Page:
Incidents in which cats do not cover excreta after elimination in the litter box have led researchers to speculate on the possible causes. Various veterinarians8,20 have hypothesized that cats that do not cover after elimination may be more likely to engage in inappropriate elimination, compared with cats that do cover after elimination. Therefore, it is important to observe the sequence of behavior when a cat eliminates. A cat that does not dig before elimination or cover after elimination may be more likely to perform inappropriate elimination. In a survey by Horwitz,20 there was a significant difference in the covering behavior between cats that used the litter box and cats that did not use the litter box, as reported by owners. The survey data indicated that cats that engaged in inappropriate elimination were less likely to cover after elimination in the litter box.20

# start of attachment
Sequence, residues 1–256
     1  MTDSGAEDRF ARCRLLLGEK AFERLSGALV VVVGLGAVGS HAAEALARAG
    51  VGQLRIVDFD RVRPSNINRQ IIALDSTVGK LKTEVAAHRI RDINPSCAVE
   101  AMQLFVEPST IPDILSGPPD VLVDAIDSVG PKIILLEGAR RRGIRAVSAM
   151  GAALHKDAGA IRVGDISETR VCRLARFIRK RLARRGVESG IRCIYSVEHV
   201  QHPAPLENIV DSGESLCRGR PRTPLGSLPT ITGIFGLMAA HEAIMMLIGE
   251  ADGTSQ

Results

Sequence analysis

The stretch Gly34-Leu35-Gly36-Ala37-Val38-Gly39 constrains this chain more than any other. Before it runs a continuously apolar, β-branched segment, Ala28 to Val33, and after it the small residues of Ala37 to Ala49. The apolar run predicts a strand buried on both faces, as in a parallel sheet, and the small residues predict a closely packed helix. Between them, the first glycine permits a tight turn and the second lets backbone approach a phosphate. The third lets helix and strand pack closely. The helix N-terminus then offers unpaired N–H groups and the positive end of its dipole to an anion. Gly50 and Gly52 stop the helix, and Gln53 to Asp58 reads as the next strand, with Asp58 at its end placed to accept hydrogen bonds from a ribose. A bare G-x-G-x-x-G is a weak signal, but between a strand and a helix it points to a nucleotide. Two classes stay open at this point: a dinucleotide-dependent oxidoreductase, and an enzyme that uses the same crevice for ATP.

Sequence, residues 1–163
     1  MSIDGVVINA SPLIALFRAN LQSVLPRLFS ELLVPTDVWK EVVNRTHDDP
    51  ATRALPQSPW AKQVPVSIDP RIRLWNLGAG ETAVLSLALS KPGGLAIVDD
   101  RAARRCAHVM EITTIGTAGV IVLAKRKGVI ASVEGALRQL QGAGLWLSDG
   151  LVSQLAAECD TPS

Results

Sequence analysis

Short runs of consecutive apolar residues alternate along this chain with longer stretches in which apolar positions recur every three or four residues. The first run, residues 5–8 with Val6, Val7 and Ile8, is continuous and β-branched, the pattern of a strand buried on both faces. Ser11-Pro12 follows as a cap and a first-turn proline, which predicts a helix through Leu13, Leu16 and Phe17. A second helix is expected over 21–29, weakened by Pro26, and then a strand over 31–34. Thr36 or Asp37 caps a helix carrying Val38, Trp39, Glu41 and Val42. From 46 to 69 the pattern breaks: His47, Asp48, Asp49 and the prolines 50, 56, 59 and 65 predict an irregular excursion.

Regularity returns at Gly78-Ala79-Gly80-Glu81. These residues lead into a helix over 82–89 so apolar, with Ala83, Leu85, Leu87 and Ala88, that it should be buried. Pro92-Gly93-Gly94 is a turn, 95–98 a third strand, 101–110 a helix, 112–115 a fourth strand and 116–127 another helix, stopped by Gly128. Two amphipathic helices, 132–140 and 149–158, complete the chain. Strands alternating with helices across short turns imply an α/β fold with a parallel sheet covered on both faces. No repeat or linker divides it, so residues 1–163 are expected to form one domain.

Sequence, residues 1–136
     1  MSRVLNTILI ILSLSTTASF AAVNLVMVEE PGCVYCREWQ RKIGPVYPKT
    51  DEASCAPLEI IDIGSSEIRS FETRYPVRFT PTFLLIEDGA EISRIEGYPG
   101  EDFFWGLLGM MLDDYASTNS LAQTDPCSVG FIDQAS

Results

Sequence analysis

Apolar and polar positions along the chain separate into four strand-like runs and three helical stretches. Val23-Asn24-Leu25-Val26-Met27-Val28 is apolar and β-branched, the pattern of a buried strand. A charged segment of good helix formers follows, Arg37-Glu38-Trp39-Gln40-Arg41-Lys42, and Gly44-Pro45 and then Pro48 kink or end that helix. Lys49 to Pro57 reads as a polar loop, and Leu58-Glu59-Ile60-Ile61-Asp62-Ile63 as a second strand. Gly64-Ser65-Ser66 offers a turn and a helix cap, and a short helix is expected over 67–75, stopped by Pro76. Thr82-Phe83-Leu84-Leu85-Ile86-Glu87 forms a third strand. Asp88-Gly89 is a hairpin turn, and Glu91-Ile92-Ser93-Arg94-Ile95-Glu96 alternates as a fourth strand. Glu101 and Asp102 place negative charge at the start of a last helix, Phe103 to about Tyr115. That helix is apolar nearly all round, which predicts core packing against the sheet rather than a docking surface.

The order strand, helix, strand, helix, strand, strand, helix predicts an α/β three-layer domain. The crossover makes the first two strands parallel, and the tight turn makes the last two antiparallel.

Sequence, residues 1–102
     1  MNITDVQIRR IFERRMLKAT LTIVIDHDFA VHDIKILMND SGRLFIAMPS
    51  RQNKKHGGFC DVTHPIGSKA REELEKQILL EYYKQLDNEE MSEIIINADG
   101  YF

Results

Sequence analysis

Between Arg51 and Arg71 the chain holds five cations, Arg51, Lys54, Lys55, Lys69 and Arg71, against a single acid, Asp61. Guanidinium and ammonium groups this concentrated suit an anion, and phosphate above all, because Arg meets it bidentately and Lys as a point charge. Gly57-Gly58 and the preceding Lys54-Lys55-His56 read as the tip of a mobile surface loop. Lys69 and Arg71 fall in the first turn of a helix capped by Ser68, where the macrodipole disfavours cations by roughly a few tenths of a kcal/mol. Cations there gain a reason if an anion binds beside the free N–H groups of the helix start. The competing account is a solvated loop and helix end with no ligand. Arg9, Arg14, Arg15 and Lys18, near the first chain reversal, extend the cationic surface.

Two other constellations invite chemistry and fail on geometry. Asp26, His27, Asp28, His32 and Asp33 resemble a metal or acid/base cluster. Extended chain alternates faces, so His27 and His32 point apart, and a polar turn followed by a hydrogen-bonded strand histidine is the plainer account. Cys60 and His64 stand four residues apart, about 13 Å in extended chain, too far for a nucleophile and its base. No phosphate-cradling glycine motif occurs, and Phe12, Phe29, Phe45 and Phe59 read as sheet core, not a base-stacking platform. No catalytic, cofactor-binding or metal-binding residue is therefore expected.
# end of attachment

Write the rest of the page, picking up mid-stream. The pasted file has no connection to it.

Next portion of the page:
To our knowledge, the elimination behavior of domestic cats housed entirely indoors has not been previously studied by direct observation. Domestic cats are one of the few companion animals that can be easily trained to eliminate in a litter box within a household rather than eliminate freely within its surrounding environment. This behavior contrasts with the elimination behavior of free-ranging and feral cats, which have not been observed to have specific areas designated for elimination.21